Tag Archives: Hassan Hassan

Iran-Backed Iraqi Militias Pose ‘Serious’ Threat to US Forces

When the Islamic State (ISIS) surged across Iraq in 2014, the Iraqi state and its army buckled. Iraqi forces retreated in disorder. Soldiers were killed outright; many were captured and subsequently executed. This presaged a national crisis. Continue reading


Defeating Daesh?

Despite the rhetoric, the campaign against the Islamic State group (IS) is not over. The international coalition is sounding almost triumphalist, giving developments a sunny gloss and frequently repeating claim that it is ‘defeating Daesh’.

This is true in a way, and success in one aspect – the protracted war which has pushed IS out of many cities and towns in Syria and Iraq – cannot be denied. Continue reading

Turkey in Idlib: So Much Could Go Wrong, so Little Right

There is no clear end to the Syrian war in sight.

Everything is in a state of motion. Nothing is fixed, and amid this confusion and volatility, much can still happen. Such ambiguity benefits foreign forces, many of whom feel it is in their power to change the shape of the war, or at least to pursue their narrow national interests within Syria. Continue reading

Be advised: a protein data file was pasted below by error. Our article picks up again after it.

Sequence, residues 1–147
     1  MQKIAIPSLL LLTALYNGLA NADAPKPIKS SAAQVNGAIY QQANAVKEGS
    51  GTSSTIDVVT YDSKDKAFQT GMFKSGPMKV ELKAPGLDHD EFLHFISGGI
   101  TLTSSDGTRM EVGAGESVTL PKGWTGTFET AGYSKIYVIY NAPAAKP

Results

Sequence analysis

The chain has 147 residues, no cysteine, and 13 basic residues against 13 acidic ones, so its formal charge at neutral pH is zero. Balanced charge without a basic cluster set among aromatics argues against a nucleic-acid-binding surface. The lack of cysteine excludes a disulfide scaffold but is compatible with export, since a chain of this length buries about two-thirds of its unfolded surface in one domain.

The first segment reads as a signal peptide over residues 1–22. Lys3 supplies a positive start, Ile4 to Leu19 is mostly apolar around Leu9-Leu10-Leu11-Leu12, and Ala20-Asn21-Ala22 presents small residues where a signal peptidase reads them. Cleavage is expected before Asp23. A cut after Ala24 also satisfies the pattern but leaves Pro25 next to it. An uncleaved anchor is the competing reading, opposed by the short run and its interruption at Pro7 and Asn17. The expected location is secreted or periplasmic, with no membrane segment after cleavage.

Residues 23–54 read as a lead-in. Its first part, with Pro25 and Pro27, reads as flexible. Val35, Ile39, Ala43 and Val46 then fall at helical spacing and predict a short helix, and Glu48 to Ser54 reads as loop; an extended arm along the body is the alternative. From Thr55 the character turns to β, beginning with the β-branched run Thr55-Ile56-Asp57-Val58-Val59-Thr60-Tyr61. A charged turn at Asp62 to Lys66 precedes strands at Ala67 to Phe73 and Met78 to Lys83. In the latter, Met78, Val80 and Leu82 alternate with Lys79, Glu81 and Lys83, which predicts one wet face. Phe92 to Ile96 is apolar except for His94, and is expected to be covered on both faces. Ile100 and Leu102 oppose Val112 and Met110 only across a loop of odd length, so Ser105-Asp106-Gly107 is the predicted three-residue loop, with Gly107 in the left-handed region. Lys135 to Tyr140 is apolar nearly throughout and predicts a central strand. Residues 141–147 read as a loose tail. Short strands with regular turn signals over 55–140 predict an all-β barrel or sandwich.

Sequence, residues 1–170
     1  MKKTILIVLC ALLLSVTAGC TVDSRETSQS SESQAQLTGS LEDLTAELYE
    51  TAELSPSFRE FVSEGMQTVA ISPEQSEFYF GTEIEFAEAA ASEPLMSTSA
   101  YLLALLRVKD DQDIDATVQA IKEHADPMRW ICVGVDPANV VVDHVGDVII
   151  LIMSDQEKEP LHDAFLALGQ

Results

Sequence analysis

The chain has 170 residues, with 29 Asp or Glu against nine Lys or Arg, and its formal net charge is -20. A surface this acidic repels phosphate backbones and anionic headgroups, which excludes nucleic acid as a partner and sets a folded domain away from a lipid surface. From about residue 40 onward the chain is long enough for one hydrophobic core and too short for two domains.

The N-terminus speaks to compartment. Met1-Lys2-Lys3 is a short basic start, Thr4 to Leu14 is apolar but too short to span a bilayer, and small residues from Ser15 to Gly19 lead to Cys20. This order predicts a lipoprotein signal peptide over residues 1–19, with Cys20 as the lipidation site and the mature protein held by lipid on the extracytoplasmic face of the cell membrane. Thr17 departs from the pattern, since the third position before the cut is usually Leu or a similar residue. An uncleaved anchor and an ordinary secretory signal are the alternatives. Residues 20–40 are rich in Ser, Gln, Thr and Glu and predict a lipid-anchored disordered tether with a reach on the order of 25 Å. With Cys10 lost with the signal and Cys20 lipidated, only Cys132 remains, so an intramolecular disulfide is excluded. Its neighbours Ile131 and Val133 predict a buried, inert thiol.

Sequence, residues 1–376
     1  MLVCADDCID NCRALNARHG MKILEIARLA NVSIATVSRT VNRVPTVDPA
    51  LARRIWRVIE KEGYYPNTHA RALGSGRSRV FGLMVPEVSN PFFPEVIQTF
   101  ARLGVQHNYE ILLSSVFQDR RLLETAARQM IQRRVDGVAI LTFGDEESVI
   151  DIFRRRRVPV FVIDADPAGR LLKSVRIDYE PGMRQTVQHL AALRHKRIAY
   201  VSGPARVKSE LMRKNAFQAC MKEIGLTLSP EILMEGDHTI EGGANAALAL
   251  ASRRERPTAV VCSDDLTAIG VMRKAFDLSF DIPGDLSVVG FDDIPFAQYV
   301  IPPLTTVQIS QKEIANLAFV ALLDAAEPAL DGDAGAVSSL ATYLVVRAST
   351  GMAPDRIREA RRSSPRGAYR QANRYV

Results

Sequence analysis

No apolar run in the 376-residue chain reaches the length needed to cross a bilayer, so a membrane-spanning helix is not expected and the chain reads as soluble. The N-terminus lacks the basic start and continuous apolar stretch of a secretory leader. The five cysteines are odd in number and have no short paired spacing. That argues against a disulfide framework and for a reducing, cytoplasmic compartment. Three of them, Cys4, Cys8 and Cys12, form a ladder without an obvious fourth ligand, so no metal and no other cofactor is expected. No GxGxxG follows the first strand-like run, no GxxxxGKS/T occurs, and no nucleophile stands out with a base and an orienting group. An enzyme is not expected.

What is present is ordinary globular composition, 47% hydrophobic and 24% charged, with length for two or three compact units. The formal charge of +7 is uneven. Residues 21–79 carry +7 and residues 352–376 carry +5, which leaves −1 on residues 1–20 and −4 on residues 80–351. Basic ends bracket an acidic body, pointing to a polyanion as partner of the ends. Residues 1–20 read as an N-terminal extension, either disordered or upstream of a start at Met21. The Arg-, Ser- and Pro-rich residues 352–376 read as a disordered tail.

Fake News and the Two Sides of the ‘Digital Caliphate’

Despite ground losses in Iraq’s Mosul and Syr­ia’s Raqqa, the Islamic State (ISIS) continues to have a presence that incites or inspires online. Continue reading

Questions Remain With ISIS Leaders Down but Not yet Out

The Islamic State (ISIS) is on the back foot after its defeat in the Iraqi city of Mosul and smaller losses in Syria, but questions re­main over eradicating the group’s leadership. Continue reading

History of a Death Cult: Review – ISIS: Inside the Army of Terror (2015) by Michael Weiss and Hassan Hassan

The apparent advent of ISIS – the Islamic State of Iraq and Syria – took many by surprise. When it seized control of Fallujah in January 2014, it was categorised as an Al-Qaeda affiliate – not a separate entity – and while there were suggestions at that time of its ‘soaring capabilities’, very few can have predicted its tremendous rate of expansion, which added Mosul to ISIS’ burgeoning territory in June of that year.

One year on and it seems that the death cult is everywhere. In a calculated bid to increase its profile internationally, ISIS has opened (or co-opted) terror franchises in Afghanistan, Libya, Egypt, Nigeria and further afield; atrocities carried out in its name have scarred the streets of Paris, terrorised tourists at the popular Tunisian resort of Sousse and attacked multiple Shia targets within Saudi Arabia. Continue reading